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Civil War-era smallpox vaccination kits offer new insights on how the virus was eradicated

Researchers analyzed the genomes of virus fragments found on smallpox vaccination kits used during the Civil War. The kits are housed at the Mütter Museum of the College of Physicians of Philadelphia.

(CNN) -- While the race for a Covid-19 vaccine continues, scientists are learning more about the early vaccines used to fight smallpox, the only human infectious disease to be successfully eradicated.

A new study published in Genome Biology on Sunday, carried out by scientists and historians from McMaster University, the Mütter Museum and the University of Sydney, identified five vaccine strains used by Civil War-era physicians to protect people from smallpox.

Notably, the viral genome was sequenced using traces found in vaccination kits of the period, and put together by the scientists "like a jigsaw puzzle," as described by lead author Ana Duggan.

A disfiguring disease caused by the variola virus, smallpox produced blisters all over the body and killed an estimated 30% of those who contracted it, according to the Centers for Disease Control and Prevention.

Smallpox vaccine trials date back to 1796, when British physician Edward Jenner observed that milkmaids exposed to a milder relative of smallpox, dubbed "cowpox," were protected against the more severe disease.

Between Jenner's early trials and the diffusion of modern and standardized vaccination practices that led the World Health Organization to declare smallpox eradicated in 1980, physicians practiced human-to-human vaccination. That involved harvesting infectious materials from one individual and applying them to a wound on a healthy person to cause an immune reaction.

Traces of these types of materials were found in the vaccination kits examined in the study.

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"The molecules that we collected from these objects were very degraded, they were not intact virions or genomes, but rather small, short pieces of DNA that had been broken down over time," Duggan explained.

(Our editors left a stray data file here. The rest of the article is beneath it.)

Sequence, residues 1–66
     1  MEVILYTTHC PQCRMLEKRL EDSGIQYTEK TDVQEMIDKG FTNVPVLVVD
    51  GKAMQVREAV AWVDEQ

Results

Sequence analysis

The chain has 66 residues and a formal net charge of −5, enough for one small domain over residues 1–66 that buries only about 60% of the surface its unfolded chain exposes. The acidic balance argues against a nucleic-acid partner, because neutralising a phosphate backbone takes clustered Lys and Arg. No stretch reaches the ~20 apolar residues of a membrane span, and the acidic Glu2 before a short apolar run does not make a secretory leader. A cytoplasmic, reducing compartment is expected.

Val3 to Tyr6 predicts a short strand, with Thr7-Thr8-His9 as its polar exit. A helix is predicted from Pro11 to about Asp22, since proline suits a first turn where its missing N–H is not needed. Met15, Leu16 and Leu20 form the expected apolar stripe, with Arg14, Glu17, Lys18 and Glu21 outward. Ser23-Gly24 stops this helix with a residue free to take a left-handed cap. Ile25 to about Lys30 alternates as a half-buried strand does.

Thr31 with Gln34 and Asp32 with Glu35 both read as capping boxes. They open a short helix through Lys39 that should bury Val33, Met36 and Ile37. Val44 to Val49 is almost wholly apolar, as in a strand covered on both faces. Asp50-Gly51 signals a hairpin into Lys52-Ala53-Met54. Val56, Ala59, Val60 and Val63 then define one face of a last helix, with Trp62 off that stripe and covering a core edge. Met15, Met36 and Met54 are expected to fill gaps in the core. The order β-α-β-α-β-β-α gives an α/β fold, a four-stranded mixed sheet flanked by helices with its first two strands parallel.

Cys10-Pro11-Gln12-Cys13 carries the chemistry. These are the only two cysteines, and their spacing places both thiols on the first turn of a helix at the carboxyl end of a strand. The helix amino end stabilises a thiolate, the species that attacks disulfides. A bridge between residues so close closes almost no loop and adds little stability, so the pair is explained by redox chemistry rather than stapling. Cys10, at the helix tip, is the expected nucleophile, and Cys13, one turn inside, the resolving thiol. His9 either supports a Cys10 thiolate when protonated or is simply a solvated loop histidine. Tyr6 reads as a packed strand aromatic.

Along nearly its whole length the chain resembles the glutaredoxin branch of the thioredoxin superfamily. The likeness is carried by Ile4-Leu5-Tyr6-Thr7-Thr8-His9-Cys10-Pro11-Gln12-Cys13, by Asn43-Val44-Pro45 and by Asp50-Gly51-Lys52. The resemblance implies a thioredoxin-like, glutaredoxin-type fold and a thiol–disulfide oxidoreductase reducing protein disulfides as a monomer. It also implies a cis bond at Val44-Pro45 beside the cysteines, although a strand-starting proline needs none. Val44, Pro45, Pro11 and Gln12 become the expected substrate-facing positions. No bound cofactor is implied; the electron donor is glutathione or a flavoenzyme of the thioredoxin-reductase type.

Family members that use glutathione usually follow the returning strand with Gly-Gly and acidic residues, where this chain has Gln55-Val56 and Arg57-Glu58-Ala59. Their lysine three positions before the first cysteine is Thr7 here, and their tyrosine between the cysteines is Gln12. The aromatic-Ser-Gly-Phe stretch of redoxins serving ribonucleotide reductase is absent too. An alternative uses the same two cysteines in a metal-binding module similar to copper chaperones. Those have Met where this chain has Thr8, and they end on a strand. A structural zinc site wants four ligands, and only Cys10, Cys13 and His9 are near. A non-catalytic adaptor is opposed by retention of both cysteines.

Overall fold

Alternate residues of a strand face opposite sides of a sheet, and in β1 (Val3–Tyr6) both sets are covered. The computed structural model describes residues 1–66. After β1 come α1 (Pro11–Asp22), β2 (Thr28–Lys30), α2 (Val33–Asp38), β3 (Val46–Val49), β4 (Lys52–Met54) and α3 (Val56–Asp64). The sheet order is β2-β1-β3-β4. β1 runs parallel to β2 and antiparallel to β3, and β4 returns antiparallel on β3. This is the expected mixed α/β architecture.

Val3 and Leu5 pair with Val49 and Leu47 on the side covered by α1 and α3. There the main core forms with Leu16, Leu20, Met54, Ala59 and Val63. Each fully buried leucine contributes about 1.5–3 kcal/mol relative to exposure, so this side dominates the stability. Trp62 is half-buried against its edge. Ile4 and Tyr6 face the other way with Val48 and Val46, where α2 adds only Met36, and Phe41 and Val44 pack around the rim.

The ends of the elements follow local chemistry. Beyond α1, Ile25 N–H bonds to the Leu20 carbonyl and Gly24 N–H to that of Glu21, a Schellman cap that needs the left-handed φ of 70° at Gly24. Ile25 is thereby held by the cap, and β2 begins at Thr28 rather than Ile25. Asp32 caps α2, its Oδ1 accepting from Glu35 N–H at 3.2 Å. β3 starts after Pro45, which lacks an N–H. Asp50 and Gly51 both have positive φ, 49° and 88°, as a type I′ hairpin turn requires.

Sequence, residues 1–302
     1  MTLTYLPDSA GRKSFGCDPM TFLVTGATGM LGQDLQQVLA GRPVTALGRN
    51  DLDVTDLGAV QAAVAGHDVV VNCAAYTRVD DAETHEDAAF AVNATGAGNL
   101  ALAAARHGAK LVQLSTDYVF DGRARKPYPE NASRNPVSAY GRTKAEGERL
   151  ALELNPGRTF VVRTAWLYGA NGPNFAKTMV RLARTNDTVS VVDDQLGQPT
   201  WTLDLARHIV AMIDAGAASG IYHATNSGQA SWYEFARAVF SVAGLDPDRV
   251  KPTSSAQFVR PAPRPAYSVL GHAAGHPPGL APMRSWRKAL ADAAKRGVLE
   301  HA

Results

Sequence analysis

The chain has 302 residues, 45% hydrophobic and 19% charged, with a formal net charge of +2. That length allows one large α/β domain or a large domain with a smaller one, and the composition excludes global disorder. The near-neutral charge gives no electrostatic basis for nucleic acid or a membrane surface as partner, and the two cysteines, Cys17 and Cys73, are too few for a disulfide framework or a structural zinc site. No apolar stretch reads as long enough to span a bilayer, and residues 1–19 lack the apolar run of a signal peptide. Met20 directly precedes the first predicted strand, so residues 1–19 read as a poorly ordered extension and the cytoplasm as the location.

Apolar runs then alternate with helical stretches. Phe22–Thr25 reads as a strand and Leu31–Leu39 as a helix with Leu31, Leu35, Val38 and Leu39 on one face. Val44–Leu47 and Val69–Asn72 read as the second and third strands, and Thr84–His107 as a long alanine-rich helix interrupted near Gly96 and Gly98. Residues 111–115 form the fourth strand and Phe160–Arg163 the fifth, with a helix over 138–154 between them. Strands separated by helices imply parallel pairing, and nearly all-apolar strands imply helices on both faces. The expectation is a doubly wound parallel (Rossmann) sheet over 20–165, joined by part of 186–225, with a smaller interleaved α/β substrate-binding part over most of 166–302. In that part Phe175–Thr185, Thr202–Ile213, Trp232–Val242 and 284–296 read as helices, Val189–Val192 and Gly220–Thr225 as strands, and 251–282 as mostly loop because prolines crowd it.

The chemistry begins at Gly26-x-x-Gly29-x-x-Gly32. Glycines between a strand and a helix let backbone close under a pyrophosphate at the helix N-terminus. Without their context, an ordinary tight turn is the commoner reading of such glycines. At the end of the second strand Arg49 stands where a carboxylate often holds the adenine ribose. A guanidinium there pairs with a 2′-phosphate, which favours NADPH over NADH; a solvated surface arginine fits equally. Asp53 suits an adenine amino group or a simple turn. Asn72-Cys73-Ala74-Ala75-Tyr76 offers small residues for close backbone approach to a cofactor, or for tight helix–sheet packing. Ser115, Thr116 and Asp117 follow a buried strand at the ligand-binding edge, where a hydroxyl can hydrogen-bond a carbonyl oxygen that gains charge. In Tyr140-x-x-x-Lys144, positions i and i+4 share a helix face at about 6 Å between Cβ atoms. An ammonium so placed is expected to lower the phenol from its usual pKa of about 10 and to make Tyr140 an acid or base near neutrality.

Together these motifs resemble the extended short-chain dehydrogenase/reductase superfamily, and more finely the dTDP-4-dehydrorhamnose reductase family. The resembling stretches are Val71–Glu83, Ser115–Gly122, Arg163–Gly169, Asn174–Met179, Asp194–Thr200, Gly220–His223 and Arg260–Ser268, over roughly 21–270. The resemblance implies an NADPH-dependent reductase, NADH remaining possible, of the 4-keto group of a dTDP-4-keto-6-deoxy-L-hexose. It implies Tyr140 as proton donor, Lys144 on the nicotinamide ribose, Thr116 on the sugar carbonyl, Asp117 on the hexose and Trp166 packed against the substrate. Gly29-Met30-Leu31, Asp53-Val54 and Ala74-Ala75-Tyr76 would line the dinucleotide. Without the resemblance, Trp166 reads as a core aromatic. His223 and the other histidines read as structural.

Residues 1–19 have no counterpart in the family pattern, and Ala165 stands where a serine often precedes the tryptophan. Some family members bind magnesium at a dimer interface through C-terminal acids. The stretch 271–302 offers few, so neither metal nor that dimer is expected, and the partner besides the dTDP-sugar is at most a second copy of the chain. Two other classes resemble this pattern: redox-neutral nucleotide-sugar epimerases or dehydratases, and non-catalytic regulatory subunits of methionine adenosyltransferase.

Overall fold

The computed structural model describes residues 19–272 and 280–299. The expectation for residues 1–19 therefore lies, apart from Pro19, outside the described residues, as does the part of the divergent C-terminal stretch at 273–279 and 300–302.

The CDC ran tests to ensure there was no risk of exposure to the live virus, but the authors' biggest concern was that of protecting the kits from contamination with modern DNA.

"All laboratory work was completed inside an ancient DNA cleanroom where we wear full Tyvek suits, face masks and gloves to protect the samples," Duggan told CNN.

To retrieve relevant traces from the kits, Duggan and her team either soaked or rinsed the objects in a buffer solution to release molecules from the surfaces.

"When those molecules were released into solution, we were then able to purify the DNA fragments and sequence them so that we could start piecing together the genomes to identify the viruses that were used for vaccination," Duggan explained.


The kits spent decades in the wrong drawer


The vaccination kits were serendipitously found in a drawer in the phlebotomy section of the Mütter Museum of the College of Physicians in Philadelphia.

"The exterior of the kits looks exactly like a bloodletting kit so it's understandable that they could have ended up there decades ago. I am glad we found them and that it set us on the path of discovery and scientific innovation," Anna Dhody, the director of the Mütter Research Institute and a co-author of the study, told CNN.

Opening the kits revealed the presence not just of lancets which would have been used for bloodletting, but also tin boxes and glass slides used to collect samples such as scabs and the lymph from blisters of people who had been deliberately infected.


A whole new research area threatened by coronavirus